There’s always plenty of bad news, but once in a while some positive reports come from health agencies. The CDC is reporting than between 2008 and 2012, deaths of African-Americans from HIV and AIDS declined by 28 percent.
Saturday is National Black HIV/AIDS Awareness Day. It is designed to keep the black community aware of the availability of prevention techniques and treatment which is available from Planned Parenthood.
Although deaths from the disease have declined, concern remains great. More African-Americans die from HIV/AIDS than any other group. Forty percent of the nation’s population living with HIV are among the African-American community. One out of every sixteen black men, and one out of thirty-two black women will contract HIV in their lifetime; the largest numbers are in the south where there exists less easily accessible treatment.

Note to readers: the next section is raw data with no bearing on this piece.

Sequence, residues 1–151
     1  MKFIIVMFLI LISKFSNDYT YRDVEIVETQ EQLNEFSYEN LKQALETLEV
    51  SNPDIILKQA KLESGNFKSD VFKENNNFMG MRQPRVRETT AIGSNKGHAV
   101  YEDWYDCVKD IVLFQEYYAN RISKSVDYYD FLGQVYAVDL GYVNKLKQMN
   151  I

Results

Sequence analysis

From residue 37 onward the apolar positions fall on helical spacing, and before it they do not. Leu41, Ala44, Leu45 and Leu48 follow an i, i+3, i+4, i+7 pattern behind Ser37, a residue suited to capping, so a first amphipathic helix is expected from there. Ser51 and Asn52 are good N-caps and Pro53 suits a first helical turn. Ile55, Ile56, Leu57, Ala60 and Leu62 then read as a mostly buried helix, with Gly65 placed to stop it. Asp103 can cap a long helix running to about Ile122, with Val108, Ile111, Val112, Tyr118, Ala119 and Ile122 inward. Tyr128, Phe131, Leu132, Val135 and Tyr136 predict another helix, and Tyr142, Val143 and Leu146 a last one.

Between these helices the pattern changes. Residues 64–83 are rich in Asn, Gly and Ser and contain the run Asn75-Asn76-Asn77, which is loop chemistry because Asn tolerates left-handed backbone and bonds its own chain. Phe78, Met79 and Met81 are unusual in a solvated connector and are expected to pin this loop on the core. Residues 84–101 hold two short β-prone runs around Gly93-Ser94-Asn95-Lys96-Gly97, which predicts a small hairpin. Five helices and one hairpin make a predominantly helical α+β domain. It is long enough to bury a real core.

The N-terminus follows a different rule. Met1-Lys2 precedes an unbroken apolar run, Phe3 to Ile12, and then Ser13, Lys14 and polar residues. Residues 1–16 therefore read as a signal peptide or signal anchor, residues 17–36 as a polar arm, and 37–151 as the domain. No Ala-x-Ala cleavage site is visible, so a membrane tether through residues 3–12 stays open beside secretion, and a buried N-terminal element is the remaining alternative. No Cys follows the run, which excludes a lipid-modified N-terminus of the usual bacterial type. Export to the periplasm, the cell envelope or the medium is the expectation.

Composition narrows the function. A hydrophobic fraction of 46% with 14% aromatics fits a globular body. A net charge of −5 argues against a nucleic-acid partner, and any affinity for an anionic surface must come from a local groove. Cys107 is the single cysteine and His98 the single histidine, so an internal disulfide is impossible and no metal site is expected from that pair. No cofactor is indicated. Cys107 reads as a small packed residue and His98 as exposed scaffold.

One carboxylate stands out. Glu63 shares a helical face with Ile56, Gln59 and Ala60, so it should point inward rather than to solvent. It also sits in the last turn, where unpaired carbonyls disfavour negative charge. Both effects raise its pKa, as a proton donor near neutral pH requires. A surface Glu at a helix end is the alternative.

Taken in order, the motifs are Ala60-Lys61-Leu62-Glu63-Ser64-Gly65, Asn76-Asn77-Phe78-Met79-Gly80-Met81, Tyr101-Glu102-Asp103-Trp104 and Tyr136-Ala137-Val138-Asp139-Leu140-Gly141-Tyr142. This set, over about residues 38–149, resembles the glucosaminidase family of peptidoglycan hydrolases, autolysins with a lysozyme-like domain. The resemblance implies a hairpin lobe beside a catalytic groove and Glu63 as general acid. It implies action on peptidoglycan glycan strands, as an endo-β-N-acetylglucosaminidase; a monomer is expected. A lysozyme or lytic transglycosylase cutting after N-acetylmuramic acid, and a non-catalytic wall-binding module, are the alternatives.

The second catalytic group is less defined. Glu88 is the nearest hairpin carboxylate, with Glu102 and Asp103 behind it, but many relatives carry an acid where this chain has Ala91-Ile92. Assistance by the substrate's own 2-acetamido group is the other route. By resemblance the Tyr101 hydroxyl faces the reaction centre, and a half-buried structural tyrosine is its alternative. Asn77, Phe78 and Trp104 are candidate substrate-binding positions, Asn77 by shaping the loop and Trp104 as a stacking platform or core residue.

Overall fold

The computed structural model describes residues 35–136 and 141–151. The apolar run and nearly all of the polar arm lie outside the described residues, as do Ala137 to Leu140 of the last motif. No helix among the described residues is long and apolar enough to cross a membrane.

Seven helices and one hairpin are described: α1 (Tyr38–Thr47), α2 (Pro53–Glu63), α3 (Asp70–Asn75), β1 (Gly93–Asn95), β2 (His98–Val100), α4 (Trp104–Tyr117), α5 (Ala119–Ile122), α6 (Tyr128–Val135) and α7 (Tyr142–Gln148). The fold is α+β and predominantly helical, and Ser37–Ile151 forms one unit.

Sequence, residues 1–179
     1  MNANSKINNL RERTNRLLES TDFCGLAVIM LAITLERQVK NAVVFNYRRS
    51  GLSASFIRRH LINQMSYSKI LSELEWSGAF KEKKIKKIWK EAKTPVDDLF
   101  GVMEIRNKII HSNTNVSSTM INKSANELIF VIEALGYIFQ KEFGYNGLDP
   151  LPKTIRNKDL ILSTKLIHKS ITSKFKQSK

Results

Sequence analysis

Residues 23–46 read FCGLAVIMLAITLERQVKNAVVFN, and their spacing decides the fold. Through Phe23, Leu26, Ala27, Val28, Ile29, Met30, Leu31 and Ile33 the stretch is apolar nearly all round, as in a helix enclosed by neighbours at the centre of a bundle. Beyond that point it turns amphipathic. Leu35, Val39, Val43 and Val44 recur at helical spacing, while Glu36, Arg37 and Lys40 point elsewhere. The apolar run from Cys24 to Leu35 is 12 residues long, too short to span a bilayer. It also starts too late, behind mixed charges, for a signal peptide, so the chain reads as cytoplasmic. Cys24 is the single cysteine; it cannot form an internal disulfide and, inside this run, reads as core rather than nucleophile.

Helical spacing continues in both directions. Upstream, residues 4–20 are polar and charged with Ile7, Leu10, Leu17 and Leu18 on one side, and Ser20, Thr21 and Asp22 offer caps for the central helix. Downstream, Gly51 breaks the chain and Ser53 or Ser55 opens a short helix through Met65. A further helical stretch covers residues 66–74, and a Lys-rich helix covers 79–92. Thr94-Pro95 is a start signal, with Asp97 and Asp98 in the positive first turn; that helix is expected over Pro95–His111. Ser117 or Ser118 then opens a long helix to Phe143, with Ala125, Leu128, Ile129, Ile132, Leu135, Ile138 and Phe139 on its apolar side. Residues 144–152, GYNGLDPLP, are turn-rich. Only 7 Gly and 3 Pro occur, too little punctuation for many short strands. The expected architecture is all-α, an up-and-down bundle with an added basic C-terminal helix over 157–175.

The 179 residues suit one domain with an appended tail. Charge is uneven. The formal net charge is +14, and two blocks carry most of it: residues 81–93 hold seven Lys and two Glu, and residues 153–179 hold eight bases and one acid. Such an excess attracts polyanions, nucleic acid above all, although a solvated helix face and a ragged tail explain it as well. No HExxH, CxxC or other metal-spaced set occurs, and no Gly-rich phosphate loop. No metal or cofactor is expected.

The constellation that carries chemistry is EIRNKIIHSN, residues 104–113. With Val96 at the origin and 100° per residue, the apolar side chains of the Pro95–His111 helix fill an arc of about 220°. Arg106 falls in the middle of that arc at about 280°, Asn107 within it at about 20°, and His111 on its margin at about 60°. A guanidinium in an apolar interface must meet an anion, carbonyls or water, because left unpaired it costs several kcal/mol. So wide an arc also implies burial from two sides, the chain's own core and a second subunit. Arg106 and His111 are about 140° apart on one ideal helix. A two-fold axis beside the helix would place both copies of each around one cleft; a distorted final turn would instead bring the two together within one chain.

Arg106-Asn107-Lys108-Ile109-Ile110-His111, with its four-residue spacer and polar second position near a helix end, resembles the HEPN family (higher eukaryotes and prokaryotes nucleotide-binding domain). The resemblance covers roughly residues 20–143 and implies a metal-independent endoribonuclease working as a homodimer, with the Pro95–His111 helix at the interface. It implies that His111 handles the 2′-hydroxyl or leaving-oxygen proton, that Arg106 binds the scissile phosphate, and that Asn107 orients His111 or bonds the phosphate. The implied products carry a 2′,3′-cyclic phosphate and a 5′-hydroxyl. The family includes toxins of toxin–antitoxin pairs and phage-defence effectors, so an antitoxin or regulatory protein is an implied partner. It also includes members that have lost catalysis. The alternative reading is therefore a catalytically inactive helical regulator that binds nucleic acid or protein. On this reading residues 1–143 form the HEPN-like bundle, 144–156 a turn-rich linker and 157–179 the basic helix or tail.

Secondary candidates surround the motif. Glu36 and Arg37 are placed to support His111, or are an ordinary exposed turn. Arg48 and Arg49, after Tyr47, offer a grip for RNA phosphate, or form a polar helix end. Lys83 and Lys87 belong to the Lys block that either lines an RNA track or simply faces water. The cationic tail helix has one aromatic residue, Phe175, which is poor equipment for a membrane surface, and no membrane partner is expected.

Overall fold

In the United States approximately 1.4 million people suffer from this endless disease; nearly 575,000 of the 1.4 million are African American.
The CDC has long been concerned about the large number of African-Americans dying from the disease every year. The figures representing a decline is encouraging.
Each year approximately 43,000 new cases are diagnosed. Of that number, more than 17,000 are African-American.
Planned Parenthood has increased its efforts within the black community to receive testing more frequently. They are less likely to receive an early diagnosis, and therefore are more likely to die from the disease.
By James Turnage